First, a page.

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Saving Maitland’s Jewish Cemetery by the UNE’s Janis Wilton

In great news for the heritage of the Hunter region, Maitland Jewish Cemetery has recently been granted State Heritage listing! As we celebrate the good news, we revisit what historian and University of New England professor Janis Wilton had to say about the great work being done to protect the at-risk cemetery. 

In 1979 Rabbi Raymond Apple described Maitland Jewish Cemetery as a “monument to dreams and deeds”. Like other cemeteries, these dreams and deeds are embedded in the gravestone inscriptions, the stories that emerge about the people buried in the cemetery and the history of the site and the locality in which it sits.

Maitland Jewish Cemetery is a particularly powerful place. It is unique as the only separate and consecrated Jewish cemetery in northern NSW. Established in the late 1840s it served members of the Jewish communities throughout the north and north west until the 1930s. It is marked by Hebrew on the gravestones, by Jewish symbols, by the simplicity of the tombstones, by the patina left by neglect and care. It is a tangible reminder — along with the still extant synagogue building — that the area was home to a significant Jewish community in the 19th century.

When Joe Eisenberg, director of Maitland Regional Art Gallery, and I first visited the cemetery in 2006, we were mesmerised. We felt, we imagined, we puzzled. Joe encountered a strong sense of his own Jewish heritage. We wanted to have the cemetery and its stories become better known. We wanted it to be conserved, treasured, interpreted. We sought what work had already been done.

Over the years, a number of people and groups had transcribed the English inscriptions. There were initial profiles on some of the people buried there. There were photographic and archival records. We wanted to do more. We wanted the dreams and deeds of the people buried in the cemetery, their families and their community to come alive. We wanted local residents and visitors to gain a glimpse of the complexity and challenges of Jewish life in colonial Maitland and to experience the emotional and evocative pull of the site.

Joe commissioned artist Hanna Kay to paint her responses to the cemetery. She visited, she reflected, she became absorbed in the physicality of the place. The aim was to engage people with the cemetery through the paintings. Hanna’s exhibition has since travelled to nine galleries in New South Wales, Victoria and Queensland. Art, history, place, emotions, movement, beauty settle in her works.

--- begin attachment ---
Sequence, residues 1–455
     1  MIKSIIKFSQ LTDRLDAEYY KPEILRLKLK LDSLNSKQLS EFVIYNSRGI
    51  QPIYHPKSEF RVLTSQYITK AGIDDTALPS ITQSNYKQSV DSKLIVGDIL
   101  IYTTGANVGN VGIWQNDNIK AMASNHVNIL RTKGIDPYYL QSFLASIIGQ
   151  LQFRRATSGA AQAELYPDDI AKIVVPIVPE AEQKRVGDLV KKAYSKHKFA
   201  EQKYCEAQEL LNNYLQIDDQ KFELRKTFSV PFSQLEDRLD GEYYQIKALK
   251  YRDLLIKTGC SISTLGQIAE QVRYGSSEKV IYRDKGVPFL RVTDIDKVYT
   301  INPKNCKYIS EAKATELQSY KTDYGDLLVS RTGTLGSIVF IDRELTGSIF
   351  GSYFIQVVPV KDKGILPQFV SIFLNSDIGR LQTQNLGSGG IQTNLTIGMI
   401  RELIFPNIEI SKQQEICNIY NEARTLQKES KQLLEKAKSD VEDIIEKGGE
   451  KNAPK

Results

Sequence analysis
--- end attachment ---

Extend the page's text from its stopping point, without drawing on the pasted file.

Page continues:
Joe asked me to research the history of the site and the people buried there. Descendants, local residents and historical groups, and Jewish community organisations all assisted with their archives, collections and memories. Deceased estate files, probate records, newspaper articles, photographs provided hints, insights, images. The Hebrew inscriptions on the gravestones were transcribed, transliterated, translated, explained. Jewish burial practices and symbolism were identified. The lives of individuals and families took shape. Patterns emerged. A book was published. And there is an online database designed to share the ongoing research on the people in the cemetery, the Jewish community and other sites.

The project has attracted positive responses from visitors, Jewish community members, residents, descendants, family and local historians, and from the heritage industry. The project won the 2011 National Trust (NSW) Heritage Award for Interpretation and Presentation (Government).

In Joe’s and my terms, the project achieved its aim to engage wide and diverse audiences with the ideas and reality of the cemetery, with the lives of the people buried there and the community they represented, and with the importance of conserving and interpreting such a site. Awareness of the significance of the cemetery and the ways in which it can be read and presented have increased. Now the next steps are underway: Maitland City Council has initiated a conservation management plan for the cemetery, and has participated in establishing a Friends of Maitland Jewish Cemetery group.

The mixture of research, interpretation, presentation and conservation evident in the project — and developments since — perhaps provides a way forward for other cemeteries in need of documentation, care and communication.

A painting from Hanna Kay's exhibition inspired by Maitland Jewish Cemetery. Courtesy Hanna Kay,
A painting from Hanna Kay’s exhibition inspired by Maitland Jewish Cemetery. Courtesy Hanna Kay.

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